GIMP: A free alternative to Photoshop


For most, Adobe Photoshop may be out of budget for occasional or personal use. GIMP can solve that problem. The GNU Image Manipulation Program (GIMP) is a very versatile image and graphic tool that has many image effects and many ways to edit images. The biggest problems I have with it are that it runs in x11 and uses the control key on the keyboard for shortcuts instead of the command key like all other apps do. I believe there are some native Aqua Gimps out there, but the one I tried wouldn’t load up. You can download one of the versions here.

For users that just want a little bit more than iPhoto but don’t need all the geeky features of GIMP, try Photoshop Express (free). It is a web-app that you sign up for in order to edit photos online. You can do some basic effects that iPhoto does not have. There is even a live demo you can try out before you sign up. Check this free web-app out @



5 Responses to GIMP: A free alternative to Photoshop

  1. Fandalorian says:

    GIMP is amazing… price is much better than $400.

    • fruitgeek says:

      Agreed. Some people illegally acquire Photoshop for free, and although I could, that’s just not right, so I won’t. In fact, I read somewhere that Photoshop is the most pirated program in history. I’m trying to learn GIMP right now- in my “spare time”

  2. Fandalorian says:

    You don’t need to mention the pirating… pretty much every program (buyable by the public) has been cracked at some time or another.

    The Internets (George W. Bush-ism there) is just too big to monitor effectively.

    • fruitgeek says:

      I think the reason so many people pirate Photoshop is because it is so useful, yet so unaffordable. And I think we should be *very* careful about letting the government regulate the Internet. There is a very fine line between shutting Limewire down and destroying the world’s best information and communication system. A similar issue is net neutrality, which is currently restricted by the FCC (or some other agency), but the regulation is under fire and possibly suit by companies like Verizon that want to throttle or ban traffic to certain sites to their users who are unwilling or unable to pay an extra fee. Worse yet, if net neutrality was defeated, AT&T, for example, could prohibit traffic from Textfree, Skype, or similar. I know Apple doesn’t let all Skype work on the cell networks, but that is different than the actual carrier banning it. If you jailbreak your iPhone, you can trick it into believing it is on WiFi so you can use Skype and Facetime over 3g.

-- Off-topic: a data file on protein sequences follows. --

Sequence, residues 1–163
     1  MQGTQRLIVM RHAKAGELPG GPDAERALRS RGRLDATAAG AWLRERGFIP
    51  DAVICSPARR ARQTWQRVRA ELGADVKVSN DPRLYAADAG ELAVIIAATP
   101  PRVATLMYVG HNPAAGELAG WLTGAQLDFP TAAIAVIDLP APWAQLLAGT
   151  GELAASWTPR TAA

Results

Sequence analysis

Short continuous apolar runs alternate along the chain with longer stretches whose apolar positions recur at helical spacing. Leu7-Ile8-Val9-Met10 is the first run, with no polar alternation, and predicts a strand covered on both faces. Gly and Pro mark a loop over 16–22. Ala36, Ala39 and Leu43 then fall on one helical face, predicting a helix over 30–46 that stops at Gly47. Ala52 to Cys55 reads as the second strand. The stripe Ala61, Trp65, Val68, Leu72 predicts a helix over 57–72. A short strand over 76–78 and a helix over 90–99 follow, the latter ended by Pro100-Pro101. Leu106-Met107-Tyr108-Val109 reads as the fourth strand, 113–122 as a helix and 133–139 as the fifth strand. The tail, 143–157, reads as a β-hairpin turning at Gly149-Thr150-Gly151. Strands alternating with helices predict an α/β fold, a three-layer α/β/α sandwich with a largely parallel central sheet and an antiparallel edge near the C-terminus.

The internet is not too big to monitor effectively, but anyway, if you are talking about the government monitoring it effectively, that is an oxymoron.

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